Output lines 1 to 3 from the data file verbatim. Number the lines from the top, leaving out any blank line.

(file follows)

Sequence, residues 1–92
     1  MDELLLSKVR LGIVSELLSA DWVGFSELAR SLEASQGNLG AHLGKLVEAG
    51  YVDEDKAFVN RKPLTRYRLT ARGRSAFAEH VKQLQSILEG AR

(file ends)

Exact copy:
Sequence, residues 1–92
     1  MDELLLSKVR LGIVSELLSA DWVGFSELAR SLEASQGNLG AHLGKLVEAG
    51  YVDEDKAFVN RKPLTRYRLT ARGRSAFAEH VKQLQSILEG AR